* The gubernatorial debate begins tonight at 6 and the station is promising “a Q&A session” with the candidates after the forum officially ends. So the fun won’t stop after an hour. The debate is being moderated tonight by the inestimable Carol Marin. My fave Mary Ann Ahern will take questions from the audience with Karla Leal.
* I’ve had a lot of stuff about the Big John & Ramblin’ Ray show on the ol’ blog lately. They had the governor, Mrs. Rauner and Jeanne Ives on their show (separately, of course) and the hosts continually mentioned that Rep. Ives was scheduled to be a special guest at their “Politics And A Pint” event in Naperville last night.
Some tracker footage came in over the transom of Ives’ talk today. Here’s one bit…
RAMBLIN’ RAY: “We talk about the polls, and I think John said Rauner’s down 16 points, we don’t know about the polls rights? We learned about that in 2016 when Donald Trump became President, right? So, there’s a thinking in the state that Rauner might have a little more of a chance than we’re hearing about, because why replace one billionaire with another billionaire, isn’t it just better keeping the guy that we have in and maybe staying the course? Do you think there’s any truth to that? I mean is there – “
REP. IVES: “There’s no – no, you know I don’t think that there’s any way for him to come back. I’m just being truthful, I mean I’m not being wishful here I’m being truthful. And that’s because his unfavorables are so high. So, I think they’re at over 54 percent and I think when you hit that threshold of unfavorables, unfavorables, that’s what’s difficult to overcome.
RAMBLIN’ RAY: “Would you go for the governorship again?” [APPLAUSE]
REP. IVES: “You know what’s exciting about being the governor is you can really affect change if you’re paying attention to the right things. You have so much power as the governor of the state of Illinois. You can get in there and you can really dig into those agencies and find out where there’s mismanagement. And you have the ability to hire and fire the right people, and make the changes happen. You have a bully pulpit, you have a bully pulpit where the media’s going to pay attention to you, where you can go out and be that champion for folks, where you can connect dots for them and you’re going to be heard. Right? Very few people get that opportunity, to actually be heard and listened to. That’s the power of the governorship. You can really affect change regardless of what the legislature looks like. You can do it, and you can bring people along to common sense, and you can stop people with that veto, which is really a big deal.”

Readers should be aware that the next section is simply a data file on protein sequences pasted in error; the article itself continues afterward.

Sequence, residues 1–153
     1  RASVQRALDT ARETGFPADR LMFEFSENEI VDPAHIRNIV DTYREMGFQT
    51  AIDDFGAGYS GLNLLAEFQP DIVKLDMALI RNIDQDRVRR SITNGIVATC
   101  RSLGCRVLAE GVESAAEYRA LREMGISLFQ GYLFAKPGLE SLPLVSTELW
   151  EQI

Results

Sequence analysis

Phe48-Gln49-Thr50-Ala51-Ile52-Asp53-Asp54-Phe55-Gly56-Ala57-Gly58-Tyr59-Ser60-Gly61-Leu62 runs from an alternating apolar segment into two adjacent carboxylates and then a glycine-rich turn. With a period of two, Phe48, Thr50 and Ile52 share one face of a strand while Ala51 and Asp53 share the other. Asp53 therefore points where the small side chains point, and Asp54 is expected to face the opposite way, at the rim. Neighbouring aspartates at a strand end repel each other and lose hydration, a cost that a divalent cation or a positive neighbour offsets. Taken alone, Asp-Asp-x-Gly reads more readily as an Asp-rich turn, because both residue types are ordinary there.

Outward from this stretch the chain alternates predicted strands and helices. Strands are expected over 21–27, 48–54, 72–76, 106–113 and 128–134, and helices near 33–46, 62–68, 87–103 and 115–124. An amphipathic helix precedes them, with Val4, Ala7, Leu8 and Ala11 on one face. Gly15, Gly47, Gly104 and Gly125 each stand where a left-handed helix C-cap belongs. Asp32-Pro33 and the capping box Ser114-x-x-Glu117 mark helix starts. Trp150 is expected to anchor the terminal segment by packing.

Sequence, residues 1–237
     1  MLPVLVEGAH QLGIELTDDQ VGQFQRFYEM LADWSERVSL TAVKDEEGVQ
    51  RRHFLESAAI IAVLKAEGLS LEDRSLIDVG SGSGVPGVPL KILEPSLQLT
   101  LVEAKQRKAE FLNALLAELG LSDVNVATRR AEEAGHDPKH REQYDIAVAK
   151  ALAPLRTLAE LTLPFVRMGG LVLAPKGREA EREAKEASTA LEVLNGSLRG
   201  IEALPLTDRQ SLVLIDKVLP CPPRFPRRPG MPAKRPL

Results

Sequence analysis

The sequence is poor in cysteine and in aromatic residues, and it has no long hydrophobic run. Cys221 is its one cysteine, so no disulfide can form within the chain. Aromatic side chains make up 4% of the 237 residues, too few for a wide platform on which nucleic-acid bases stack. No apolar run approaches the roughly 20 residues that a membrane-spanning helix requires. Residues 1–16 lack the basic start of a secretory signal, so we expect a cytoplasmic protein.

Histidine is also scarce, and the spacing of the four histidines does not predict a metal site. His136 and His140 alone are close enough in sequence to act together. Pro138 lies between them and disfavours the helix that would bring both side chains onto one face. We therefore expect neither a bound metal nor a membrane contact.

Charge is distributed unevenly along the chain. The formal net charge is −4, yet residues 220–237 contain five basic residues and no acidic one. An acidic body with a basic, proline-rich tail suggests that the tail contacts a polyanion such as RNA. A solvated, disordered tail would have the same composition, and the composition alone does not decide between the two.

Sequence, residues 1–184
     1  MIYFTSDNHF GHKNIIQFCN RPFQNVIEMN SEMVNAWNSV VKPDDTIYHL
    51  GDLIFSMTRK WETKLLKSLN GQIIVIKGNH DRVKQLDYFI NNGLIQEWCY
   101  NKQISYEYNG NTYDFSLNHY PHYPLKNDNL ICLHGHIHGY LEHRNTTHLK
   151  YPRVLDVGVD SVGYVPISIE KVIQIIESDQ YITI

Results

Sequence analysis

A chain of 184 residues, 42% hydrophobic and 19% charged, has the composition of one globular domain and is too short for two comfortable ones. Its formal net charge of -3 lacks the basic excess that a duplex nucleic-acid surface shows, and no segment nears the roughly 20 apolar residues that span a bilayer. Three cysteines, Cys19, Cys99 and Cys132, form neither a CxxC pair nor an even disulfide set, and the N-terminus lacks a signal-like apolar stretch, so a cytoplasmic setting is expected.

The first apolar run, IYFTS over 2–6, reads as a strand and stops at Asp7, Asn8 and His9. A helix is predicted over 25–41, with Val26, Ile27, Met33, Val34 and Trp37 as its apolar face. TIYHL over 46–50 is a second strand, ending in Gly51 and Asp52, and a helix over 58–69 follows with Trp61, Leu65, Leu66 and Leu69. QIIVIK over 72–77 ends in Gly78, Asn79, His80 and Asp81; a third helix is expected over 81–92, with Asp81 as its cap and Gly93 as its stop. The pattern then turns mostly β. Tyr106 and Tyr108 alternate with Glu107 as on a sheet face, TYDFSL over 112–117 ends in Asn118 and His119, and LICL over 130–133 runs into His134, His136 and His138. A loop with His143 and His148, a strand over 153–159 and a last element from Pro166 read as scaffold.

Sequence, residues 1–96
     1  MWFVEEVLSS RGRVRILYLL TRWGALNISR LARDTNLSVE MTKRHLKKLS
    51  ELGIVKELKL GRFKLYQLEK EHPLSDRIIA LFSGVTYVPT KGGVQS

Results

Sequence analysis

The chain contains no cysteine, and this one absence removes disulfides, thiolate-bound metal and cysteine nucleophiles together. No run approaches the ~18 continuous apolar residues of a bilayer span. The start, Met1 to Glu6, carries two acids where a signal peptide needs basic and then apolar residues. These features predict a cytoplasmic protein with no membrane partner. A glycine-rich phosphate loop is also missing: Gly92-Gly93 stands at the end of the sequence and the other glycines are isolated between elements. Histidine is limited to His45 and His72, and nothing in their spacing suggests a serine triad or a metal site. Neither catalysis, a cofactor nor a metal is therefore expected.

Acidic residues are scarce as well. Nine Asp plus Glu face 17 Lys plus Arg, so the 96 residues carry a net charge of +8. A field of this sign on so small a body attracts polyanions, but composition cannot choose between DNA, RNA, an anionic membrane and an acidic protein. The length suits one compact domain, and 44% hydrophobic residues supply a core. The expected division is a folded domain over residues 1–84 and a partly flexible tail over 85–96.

Something she could do in the meantime is speak out on Rep. Jerry Long. If she wants to be a leader then she should, you know, lead.
Regarding the “absolutely false” claim that she believes in workplace discrimination on the basis of sexual orientation, in 2014, Erika stated that she opposed the Employment Non-Discrimination Act (ENDA).
In 2014, Harold supported prohibiting the U.S. Department of Justice from undermining the Defense of Marriage Act, which the Supreme Court had already found unconstitutional.
People can change their minds. But Harold will only say today that she supports the law of the land. Laws can always be changed, however, and a constitutional amendment (which she supported) would obviously overturn the Supreme Court’s ruling on gay marriage.
* As I told subscribers this morning, Rep. Jerry Long (R-Streator) has once again changed his story…
Long initially claimed he was a “demanding boss,” then he claimed he was railroaded for not agreeing with the script of a robo-call, he also claimed he pounded on the desk and possibly frightened the complainant.
Yesterday he said on television that his complainant had a headache and he massaged her neck.
“No, that is not the story that was received from the complainant,” said Eleni Demertzis, spokesperson for House Republican Organization Leader Rep. Jim Durkin (R-Burr Ridge). “The facts brought forward by the complainant were corroborated by a witness and ultimately deemed truthful and founded by the independent investigators. Leader Durkin and his leadership team stand by the independent investigator’s report and subsequent actions rendered to Rep. Long.”
That’s the first time the HGOPs have said on record that they have a corroborating witness. This is not gonna end well.
The only “good” thing about this saga is I’ve had a chance to interact with a couple of very good local reporters. Tamara Abbey wrote the above story. She’s really insightful and top notch.
* Meanwhile, McGlasson’s comments to a Proft paper make him sound like he’s living in an alternate universe…